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ARGUMENT OF THE PROLOGUE
TO THE FIRST SATIRE.
The design of the author was to conceal his name and quality. He
lived in the dangerous times of the tyrant Nero, and aims particularly at him in most of his Satires. For which reason, though he was a Roman knight, and of a plentiful fortune, he would appear in this Prologue but a beggarly poet, who writes for bread. After this, he breaks into the business of the First Satire; which is chiefly to decry the poetry then in fashion, and the impudence of those who were endeavouring to pass their stuff upon the world.
THE FIRST SATIRE.
I NEVER did on cleft Parnassus dream,
* Parnassus and Helicon were hills consecrated to the Muses, and the supposed place of their abode. Parnassus was forked or the top; and from Helicon ran a stream, the spring of which was called the Muses' well.
+ Pyrene, a fountain in Corinth, consecrated also to the Muses.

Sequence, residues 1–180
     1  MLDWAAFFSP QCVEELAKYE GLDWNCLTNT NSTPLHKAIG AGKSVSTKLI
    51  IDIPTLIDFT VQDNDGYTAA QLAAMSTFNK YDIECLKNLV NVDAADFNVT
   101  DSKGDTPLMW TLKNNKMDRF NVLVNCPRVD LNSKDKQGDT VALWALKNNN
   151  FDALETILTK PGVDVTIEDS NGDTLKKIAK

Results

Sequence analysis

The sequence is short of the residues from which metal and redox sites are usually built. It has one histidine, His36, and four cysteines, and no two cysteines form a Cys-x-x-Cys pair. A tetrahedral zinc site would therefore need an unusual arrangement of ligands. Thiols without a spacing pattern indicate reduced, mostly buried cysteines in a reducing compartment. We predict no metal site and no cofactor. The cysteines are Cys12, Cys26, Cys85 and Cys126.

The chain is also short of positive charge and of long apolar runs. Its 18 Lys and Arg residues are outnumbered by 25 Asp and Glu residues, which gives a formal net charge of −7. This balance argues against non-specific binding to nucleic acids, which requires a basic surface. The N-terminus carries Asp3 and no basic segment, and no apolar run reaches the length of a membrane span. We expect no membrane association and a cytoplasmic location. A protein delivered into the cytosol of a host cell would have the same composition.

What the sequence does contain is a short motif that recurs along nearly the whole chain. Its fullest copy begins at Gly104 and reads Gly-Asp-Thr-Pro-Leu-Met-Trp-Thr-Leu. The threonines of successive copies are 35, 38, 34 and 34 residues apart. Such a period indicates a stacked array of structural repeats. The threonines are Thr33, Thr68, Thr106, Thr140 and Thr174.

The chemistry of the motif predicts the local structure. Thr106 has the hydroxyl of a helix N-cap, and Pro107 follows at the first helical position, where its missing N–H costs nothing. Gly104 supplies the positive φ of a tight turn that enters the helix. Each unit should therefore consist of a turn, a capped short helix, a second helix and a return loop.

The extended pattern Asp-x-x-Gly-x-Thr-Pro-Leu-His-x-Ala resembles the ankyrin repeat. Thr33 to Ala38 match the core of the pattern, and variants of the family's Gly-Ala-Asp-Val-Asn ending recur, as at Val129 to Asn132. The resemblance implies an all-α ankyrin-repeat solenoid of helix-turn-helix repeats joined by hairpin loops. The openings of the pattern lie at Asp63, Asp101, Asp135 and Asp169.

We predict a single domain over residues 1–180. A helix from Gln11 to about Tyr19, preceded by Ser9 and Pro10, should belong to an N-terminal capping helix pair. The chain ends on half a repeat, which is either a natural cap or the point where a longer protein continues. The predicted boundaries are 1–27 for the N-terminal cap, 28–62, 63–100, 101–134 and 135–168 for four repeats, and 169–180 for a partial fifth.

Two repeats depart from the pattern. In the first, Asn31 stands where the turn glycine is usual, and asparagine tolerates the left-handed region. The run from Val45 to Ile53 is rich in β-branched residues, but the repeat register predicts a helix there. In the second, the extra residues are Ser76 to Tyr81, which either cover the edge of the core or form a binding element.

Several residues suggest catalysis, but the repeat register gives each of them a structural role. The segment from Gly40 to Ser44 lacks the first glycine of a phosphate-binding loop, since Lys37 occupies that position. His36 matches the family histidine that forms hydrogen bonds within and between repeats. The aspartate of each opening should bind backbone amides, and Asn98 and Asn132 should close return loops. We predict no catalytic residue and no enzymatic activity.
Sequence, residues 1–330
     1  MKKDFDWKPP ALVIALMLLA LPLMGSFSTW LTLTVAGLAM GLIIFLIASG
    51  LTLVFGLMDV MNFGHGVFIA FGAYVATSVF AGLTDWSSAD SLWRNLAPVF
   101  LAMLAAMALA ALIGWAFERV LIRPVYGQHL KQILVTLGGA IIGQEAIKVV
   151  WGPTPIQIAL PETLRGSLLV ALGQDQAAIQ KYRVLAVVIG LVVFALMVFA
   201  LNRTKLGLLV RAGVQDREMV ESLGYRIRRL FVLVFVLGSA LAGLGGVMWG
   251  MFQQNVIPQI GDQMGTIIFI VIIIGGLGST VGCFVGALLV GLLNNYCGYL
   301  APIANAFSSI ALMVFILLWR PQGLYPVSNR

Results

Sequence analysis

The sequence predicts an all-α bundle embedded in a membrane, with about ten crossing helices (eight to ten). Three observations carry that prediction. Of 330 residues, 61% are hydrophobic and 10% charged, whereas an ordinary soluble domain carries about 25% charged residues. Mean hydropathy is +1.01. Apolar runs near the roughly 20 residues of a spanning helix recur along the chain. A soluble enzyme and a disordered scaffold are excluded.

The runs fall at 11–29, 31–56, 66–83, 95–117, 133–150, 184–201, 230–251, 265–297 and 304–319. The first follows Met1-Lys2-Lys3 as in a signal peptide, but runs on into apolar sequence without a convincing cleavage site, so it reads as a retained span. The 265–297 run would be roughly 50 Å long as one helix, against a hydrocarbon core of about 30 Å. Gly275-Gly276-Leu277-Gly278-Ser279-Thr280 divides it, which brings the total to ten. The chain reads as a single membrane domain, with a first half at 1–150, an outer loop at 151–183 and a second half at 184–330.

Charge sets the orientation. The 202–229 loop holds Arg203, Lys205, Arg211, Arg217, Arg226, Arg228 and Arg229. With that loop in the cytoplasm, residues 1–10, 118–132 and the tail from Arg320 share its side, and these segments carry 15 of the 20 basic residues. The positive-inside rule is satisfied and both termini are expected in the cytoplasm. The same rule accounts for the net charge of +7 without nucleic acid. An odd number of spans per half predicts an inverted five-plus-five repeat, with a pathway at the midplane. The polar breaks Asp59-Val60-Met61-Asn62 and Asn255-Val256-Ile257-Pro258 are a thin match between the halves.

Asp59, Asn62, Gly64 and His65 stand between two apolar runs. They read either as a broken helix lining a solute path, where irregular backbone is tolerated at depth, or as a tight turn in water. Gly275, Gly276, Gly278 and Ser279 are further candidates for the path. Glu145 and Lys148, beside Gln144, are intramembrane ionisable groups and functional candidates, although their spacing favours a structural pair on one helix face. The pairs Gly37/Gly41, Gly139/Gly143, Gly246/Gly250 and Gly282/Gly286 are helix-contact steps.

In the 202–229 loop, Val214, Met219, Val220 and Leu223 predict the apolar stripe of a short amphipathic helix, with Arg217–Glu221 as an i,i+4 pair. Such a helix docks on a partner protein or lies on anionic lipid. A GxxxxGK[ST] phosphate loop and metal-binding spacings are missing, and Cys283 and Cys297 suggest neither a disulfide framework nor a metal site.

I The statues of the poets were crowned with ivy about their brows.
$ Before the shrine; that is, before the shrine of Apollo, in his temple at Rome, called the Palatine.
IN DIALOGUE BETWIXT
TIIE POET AND HIS FRIEND, OR MONITOR.
I need not repeat, that the chief aim of the author is against bad poets in this Satire.
But I must add, that he includes also bad orators, who began at that time (as Petronius in the beginning of his book tells us) to enervate manly eloquence by tropes and figures, ill placed, and worse applied. Amongst the poets, Persius covertly strikes at Nero; some of whose verses he recites with scorn and indignation. He also takes notice of the noblemen, and their abominuble poetry, who, in the luxury of their fortunes, set up for wits and judges. The Satire is in diulogue betwirt the author, and his friend, or monitor ; who dissuades him from this dangerous attempt of erposing great men. But Persius, who is of a free spirit, and has not forgotten that Rome was once a commonwealth, breaks through all those difficulties, and boldly arraigns the false judgment of the age in which he lives. The reuder may observe, that our poet was a Stoic philosopher; and that all his moral sentences, both here and in all the rest of his Satires, are drawn from the dogmas of that sect.
How anxious are our cares, and yet how vain